tanzania stranden safari

Hadzabe Tribe

Hadzabe Tribe

The Hadza, or Hadzabe, are a Tanzanian indigenous ethnic group mostly based in southwest Karatu District of Arusha Region. They live around Lake Eyasi in the central Rift Valley and in the neighbouring Serengeti Plateau. There are, as of 2015, between 1,200 and 1,300 Hadza people living in Tanzania, however only around 400 Hadza still survive exclusively based on the traditional means of foraging.Genetically, the Hadza are not closely related to any other people. Once classified among the Khoisan languages, primarily because it has clicks, the Hadza language (Hadzane) is actually thought to be an isolate, unrelated to any other. As descendants of Tanzania’s aboriginal, pre-Bantu expansion hunter-gatherer population, they have probably occupied their current territory for thousands of years, with relatively little modification to their basic way of life.Since then, there have been many attempts by successive colonial administrations, the independent Tanzanian government, and foreign missionaries to settle the Hadza, by introducing farming and Christianity. These efforts have largely failed, and many Hadza still pursue virtually the same way of life as their ancestors

The Hadza are organised into bands, called ‘camps’ of typically 20–30 people, and camps frequently split for this reason. Camps are abandoned when someone falls ill and dies, as illness is associated with the place they fell ill. There is also seasonal migration between dry-season refuges, better hunting grounds while water is more abundant, and areas with large numbers of tubers or berry trees when they are in season. If a man kills a particularly large animal such as a giraffe far from home, a camp will temporarily relocate to the kill site (smaller animals are brought back to the camp). Shelters can be built in a few hours,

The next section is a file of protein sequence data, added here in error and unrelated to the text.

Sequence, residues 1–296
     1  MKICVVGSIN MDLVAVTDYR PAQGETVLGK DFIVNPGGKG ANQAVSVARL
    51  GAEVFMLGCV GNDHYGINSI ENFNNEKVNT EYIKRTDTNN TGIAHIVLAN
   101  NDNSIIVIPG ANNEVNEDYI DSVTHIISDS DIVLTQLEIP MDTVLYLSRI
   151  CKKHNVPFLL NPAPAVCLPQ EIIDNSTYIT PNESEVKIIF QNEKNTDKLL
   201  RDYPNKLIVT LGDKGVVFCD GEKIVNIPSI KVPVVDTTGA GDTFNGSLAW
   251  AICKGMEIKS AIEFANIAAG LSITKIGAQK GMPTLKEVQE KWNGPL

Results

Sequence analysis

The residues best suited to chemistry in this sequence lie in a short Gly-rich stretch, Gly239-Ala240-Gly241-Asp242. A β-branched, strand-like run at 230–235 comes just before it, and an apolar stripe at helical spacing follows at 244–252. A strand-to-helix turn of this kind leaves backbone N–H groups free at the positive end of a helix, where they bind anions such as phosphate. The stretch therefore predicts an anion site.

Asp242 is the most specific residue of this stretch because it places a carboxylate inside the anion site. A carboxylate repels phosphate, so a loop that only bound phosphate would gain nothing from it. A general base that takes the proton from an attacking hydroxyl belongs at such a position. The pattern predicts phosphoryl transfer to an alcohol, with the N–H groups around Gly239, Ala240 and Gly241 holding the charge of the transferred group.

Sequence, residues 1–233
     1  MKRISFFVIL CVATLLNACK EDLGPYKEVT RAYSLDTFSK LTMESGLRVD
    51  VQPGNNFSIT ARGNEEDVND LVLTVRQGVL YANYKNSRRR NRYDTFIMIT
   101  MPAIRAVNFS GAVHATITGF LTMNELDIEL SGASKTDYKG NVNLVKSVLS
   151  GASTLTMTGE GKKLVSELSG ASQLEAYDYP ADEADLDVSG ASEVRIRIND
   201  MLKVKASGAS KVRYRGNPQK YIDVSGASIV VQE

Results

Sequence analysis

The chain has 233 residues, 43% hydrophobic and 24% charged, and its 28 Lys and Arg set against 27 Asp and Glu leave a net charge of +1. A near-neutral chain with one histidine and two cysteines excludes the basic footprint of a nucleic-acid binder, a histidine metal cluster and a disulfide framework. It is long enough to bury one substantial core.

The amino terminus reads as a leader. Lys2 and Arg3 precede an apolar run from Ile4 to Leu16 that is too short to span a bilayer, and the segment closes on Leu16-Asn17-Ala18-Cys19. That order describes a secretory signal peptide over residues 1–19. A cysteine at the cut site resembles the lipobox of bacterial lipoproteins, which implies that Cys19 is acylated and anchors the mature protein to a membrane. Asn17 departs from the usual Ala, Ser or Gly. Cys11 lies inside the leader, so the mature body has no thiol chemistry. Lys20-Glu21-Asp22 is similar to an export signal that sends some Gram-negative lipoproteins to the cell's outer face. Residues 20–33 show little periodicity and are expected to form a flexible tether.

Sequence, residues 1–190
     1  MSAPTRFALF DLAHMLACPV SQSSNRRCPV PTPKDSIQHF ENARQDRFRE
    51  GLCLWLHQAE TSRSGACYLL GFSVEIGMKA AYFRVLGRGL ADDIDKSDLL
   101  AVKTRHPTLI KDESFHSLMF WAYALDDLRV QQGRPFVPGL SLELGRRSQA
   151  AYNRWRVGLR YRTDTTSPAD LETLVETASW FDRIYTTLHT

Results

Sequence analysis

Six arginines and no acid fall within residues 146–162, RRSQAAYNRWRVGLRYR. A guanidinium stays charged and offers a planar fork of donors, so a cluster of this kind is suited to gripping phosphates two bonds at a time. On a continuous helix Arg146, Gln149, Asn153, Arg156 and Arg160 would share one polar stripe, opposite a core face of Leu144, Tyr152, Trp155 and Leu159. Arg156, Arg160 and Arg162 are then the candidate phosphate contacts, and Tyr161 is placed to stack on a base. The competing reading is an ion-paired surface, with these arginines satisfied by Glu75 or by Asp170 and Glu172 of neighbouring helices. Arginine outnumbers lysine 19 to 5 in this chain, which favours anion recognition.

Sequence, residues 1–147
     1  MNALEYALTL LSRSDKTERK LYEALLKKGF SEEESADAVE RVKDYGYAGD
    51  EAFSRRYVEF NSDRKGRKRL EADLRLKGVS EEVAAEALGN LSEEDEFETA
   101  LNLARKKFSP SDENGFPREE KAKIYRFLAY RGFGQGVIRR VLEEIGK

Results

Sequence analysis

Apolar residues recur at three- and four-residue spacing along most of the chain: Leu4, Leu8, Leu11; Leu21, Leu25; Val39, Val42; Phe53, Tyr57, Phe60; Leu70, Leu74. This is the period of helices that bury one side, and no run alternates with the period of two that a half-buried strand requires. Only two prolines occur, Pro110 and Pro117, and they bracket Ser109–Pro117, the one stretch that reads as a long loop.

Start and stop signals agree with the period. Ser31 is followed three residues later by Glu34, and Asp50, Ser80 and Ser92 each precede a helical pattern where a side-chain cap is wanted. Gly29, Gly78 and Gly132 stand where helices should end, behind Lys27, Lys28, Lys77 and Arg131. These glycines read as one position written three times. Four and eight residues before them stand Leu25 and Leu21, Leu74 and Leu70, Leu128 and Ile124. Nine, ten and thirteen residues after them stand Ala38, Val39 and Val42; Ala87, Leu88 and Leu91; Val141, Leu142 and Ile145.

Although hunting is illegal, Tanzanian authorities recognize that the Hadza are a special case and do not enforce the regulations with them, just as the Hadza are the only people in Tanzania not taxed locally or by the national government. There is no tribal or other governing hierarchy, and almost all decisions are made by reaching an agreement through discussion. Furthermore, the Hadza are egalitarian, meaning there are no real status differences between individuals. While the elderly receive slightly more respect, within groups of age and sex all individuals are equal, and compared to strictly stratified societies, women are considered fairly equal. This egalitarianism results in high levels of freedom and self-dependency.

× How can I help you?